The next planning meeting for the Adirondack Botanical Society will be 10am, January 12 at Intervale Lowlands (http://intervalelowlands.org/) in Lake Placid. For more information you may contact Steve Young at email@example.com.
The Spring meeting of the Adirondack Botanical Society will be Saturday April 20th from 10 am – Noon at The Nature Conservancy office in Keene Valley.
For more details, email AdkBotanicalSociety(at)gmail.com or join our Google Group. To join the Google discussion group for the Adirondack Botanical Society send an email to adkbotsoc+subscribe(at)googlegroups.com. Write Join in the subject line. You can state why you would like to join in the body of the email.
The ABS 2013 Field Trip schedule will be posted soon – but in the mean time – we thought we would share the NY Flora field trip schedule here as well.
NY Flora Association 2013 Field Trips
The first trip of the season will be Sunday May 5th at Nelson Swamp. This trip will also be the Annual Meeting.
Trip details: 10 am – 3 pm. Rain or shine. We will meet near Nelson Swamp in Madison County and explore this beautiful white cedar swamp with Sara Scanga, assistant professor of biology at Utica College, and learn about her research on the rare spreading globeflower, Trollius laxus. After the field trip we will meet at Ed Frantz’s house in nearby Cazenovia for a delicious lunch, a business meeting, and some fun botanical challenges. Join us for a day of learning, lunch and leisure. To register for the event so we know how many to plan for and for field trip details, email Steve Young – nisky912 [at]gmail.com or call him at 518-588-8360.
Spreading globeflower. photo courtesy CT Botanical Society
A list of the rest of the field trips for the season can be downloaded here or you can find out more on the NY Flora Association’s website.
ABS outing in Raybrook on Sat Dec 1, 2012.
Last weekend ABS held a meeting at the APA office in Raybrook to recap 2012 activities and talk about ideas for 2013. ABS member Elizabeth Lee wrote a great article about the meeting for the Press Republican – check it out here.
Carol Gates and Julia Goren on the summit of Mount Skylight. photo courtesy Carol Gates.
ABS’ers Julia Goren and Carol Gates had a great hike to Mount Skylight on June 16th. They started the hike at 7:30 am and arrived at the summit about 12:30 pm. They got back to the parking lot at 7:30 pm – it was an 18 mile round trip to almost 5,000 ft (4,926)! They were looking for rare alpine species,including this one, Mountain Sandwort, Minuartia groenlandica.
Mountain Sandwort. photo courtesy Carol Gates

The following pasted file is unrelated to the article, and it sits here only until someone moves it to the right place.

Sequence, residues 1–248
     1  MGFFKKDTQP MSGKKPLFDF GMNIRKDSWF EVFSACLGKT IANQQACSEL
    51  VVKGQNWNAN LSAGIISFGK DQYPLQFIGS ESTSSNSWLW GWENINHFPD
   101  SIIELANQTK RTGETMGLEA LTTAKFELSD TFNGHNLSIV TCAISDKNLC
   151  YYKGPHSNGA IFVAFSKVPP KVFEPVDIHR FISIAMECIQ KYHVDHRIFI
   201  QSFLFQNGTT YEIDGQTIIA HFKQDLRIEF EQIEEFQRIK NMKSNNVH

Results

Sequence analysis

Hooker’s orchid. photo by Emily DeBolt
Hooker’s orchid (Platanthera hookeri) is endangered in NY. Only 2 known populations remain. NYNHP has more info about this species.
I was lucky enough to get to head out earlier this week to see one of the two locations – this one is in Warren Co. Despite the rain – I managed to get some photos. There were a total of 4 plants in bloom. 3 in one group and 1 by itself a short distance away. We also saw some other lovely blooms along the trail on our way in, and had some amphibious company – which was very fitting due to the weather. Here are a few photos from the trip. I hope you enjoy! (post by Emily DeBolt)
close up of the flowers of Hooker’s orchid. photo by Emily DeBolt
This little patch of twinflower along the trail (Linnaea borealis) was a nice surprise! photo by Emily DeBolt
Bazzania trilobata – a liverwort. There was a big clump growing along the trail. From a distance you might mistake it for just some more moss – but up close – it is anything but! photo by Emily DeBolt
We had good company on our rainy hike. The American toads seemed to be enjoying the weather. photo by Emily DeBolt
The red efts where enjoying the weather as well. We counted 21 – and managed to not step on any! photo by Emily DeBolt
These pink lady slippers were staying dry under the pines. photo by Emily DeBolt
Indian cucumber root flowers on a second tier of leaves. photo by Emily DeBolt
I just never get tired of photographing bunchberry – they are just so pretty- And they make a great groundcover for the home landscape as well! photo by Emily DeBolt
The second largest open expanse of peatland in New York, Spring Pond Bog Preserve provides a unique habitat for plants and animals found nowhere else in the state. It contains a patterned peatland with ridges (strings) and wet depressions (flarks).
Thanks to ABSers Carol Gates, Emily Tyner & Dave, Lem & Anita Hegwood and Lisa Albrecht for sharing their plant list from their trip on May 19th to Spring Pond Bog.
Additional Plants to add to the List for Spring Pond Bog